]. Stein et al. [20
] revealed that carotid sonography can be a good imaging method to detect the early stages of atherosclerosis and improve the risk stratification of patients. However, studies on the association between CIMT or carotid plaque on carotid artery sonography and colorectal neoplasm are rare. The reason is that the assessment of CIMT is not standardized. Evaluation of CIMT varies depending on the comprehensiveness of CIMT assessment: the number of carotid segments (CCA, ICA, or the carotid bulb), type of measurement made (mean or maximum of single or multiple measurements), and whether plaques were included in the IMT measurement. These methodological discrepancies limit the interpretation of results and have caused confusion on the role of IMT in CV risk prediction [21
]. CIMT alone has weak predictive value for CVD while CIMT, including plaque presence, consistently improves the predictive power. Inclusion of plaque to the CIMT measurement has consistently been shown to improve the predictive power for CVD and coronary events [12
]. Therefore, we used either increased CIMT of CCA and presence of carotid plaques at the carotid segments to assess carotid atherosclerosis.
In this study, carotid atherosclerosis, abdominal obesity, high triglyceride and fasting glucose levels, and low HDL-cholesterol levels showed significant association with colorectal adenoma. This shows that the metabolic syndrome is associated with colorectal neoplasm. It is known that colorectal neoplasm is associated with male sex, obesity, diabetes, smoking, and metabolic syndrome [25
]. Many studies reported an association between atherosclerotic disease and the presence of colorectal neoplasm because these two diseases share common risk factors. Central obesity and components of metabolic syndrome can result in visceral fat deposition that is associated with insulin resistance and high IGF1 levels, which can influence the carcinogenic processes [27
]. Furthermore, another mechanism is a possible shared pathogenic factor, chronic inflammation [28
]. Several epidemiologic studies observed positive associations between C-reactive protein and CRC risk [29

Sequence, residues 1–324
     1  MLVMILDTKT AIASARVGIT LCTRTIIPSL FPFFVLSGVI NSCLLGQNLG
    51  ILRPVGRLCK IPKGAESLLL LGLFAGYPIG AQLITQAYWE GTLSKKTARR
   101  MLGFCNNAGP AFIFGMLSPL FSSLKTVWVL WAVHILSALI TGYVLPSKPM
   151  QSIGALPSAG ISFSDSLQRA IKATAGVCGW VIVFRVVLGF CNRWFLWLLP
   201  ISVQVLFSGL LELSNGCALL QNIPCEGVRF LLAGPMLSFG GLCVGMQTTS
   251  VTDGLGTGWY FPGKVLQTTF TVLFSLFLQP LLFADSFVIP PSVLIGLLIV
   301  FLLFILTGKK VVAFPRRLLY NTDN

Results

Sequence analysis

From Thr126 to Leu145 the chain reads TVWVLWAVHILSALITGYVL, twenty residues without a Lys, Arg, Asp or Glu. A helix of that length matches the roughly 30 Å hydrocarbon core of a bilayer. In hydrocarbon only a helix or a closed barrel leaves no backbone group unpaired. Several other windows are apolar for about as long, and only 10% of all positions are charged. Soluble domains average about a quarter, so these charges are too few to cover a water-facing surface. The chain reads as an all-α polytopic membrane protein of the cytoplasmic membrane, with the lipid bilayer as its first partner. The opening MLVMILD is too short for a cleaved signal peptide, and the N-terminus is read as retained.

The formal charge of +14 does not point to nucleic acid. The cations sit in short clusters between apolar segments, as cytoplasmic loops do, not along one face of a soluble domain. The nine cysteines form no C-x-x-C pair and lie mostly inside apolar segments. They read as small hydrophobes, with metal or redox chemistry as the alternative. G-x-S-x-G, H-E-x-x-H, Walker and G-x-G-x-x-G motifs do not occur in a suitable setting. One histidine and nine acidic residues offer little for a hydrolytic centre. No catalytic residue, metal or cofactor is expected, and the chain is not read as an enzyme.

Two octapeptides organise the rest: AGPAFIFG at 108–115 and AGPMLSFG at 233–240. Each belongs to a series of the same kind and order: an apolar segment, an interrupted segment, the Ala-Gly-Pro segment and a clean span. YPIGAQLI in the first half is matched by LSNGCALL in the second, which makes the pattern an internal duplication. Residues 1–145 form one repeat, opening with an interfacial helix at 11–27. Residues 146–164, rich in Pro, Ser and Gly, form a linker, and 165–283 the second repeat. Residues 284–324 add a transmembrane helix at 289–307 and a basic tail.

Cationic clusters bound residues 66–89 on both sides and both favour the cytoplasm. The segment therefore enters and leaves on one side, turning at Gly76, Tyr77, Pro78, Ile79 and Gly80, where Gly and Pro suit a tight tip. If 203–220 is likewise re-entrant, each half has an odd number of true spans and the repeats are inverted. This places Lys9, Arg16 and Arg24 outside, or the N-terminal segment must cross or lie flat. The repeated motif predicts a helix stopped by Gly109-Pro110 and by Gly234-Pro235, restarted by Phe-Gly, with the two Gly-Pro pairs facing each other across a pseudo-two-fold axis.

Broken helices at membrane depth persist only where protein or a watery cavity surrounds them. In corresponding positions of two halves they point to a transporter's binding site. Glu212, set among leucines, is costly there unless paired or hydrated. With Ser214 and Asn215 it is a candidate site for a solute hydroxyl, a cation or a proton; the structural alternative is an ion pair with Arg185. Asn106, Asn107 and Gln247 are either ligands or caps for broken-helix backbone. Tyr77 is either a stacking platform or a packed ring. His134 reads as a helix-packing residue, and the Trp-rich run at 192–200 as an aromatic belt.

]. In an observational study of Taiwan, it was shown that hyperglycemia with H. pylori
infection increased the risk for synchronous colorectal adenoma and carotid artery plaque formation. The study suggested the endotoxin would cause atherosclerosis and colon neoplasm via the mechanism underlying chronic inflammation and the change of gut permeability [30
]. Pro-inflammatory cytokines play a role in atherogenesis and the early stage of colorectal carcinogenesis [31
]. This offers further evidence that inflammation plays a role in colorectal carcinogenesis. Inflammation is a potentially modifiable risk factor; therefore, aspirin and other non-steroidal anti-inflammatory drugs (NSAIDs) that decrease inflammation may reduce CRC and CV risks [32
Several studies have shown that atherosclerosis was significantly associated with size, presence of high-grade characteristics, advanced lesions, and multiplicity of colorectal adenomas [33
]. However, there was no significant association between these factors in our study. This may be because the sample size was small and not representative of the complete diseased population in Korea or the world, as this study was conducted at a single center. Thus, the results of this study were different from those of previous large-scale studies.
The present study has some limitations. First, the enrolled population was a health screening cohort. Therefore, the study population may not have been representative of the general population in Korea. Second, this was a cross-sectional study; therefore, it may not be possible to establish a causal relationship between carotid atherosclerosis and colorectal adenoma. Moreover, we did not assess insulin resistance markers, such as homeostasis model assessment of insulin resistance, and inflammatory markers (MIF, TNF-α, and IL-6). Finally, we did not consider the effects of all potential confounding variables, such as family history of CRC, personal history of aspirin or NSAID use, or dietary variables. These variables may also play an important role in the risk for colorectal adenoma and atherosclerosis.
Our study was conducted to identify the factors indicative of atherosclerosis using carotid sonography findings including either increased CIMT or the presence of carotid plaques. Considering that most studies use cardiac computed tomography, carotid artery sonography is a simple and noninvasive method that can predict the risk of cerebrovascular disease.
Since colorectal adenoma and atherosclerosis have common risk factors and pathogenesis, patients who are at high risk for developing coronary heart disease were found to have an increased risk for the overall presence of colorectal neoplasm. According to the results of our study and those of previous studies, regular colonoscopies can be recommended for patients who are at high risk for atherosclerosis.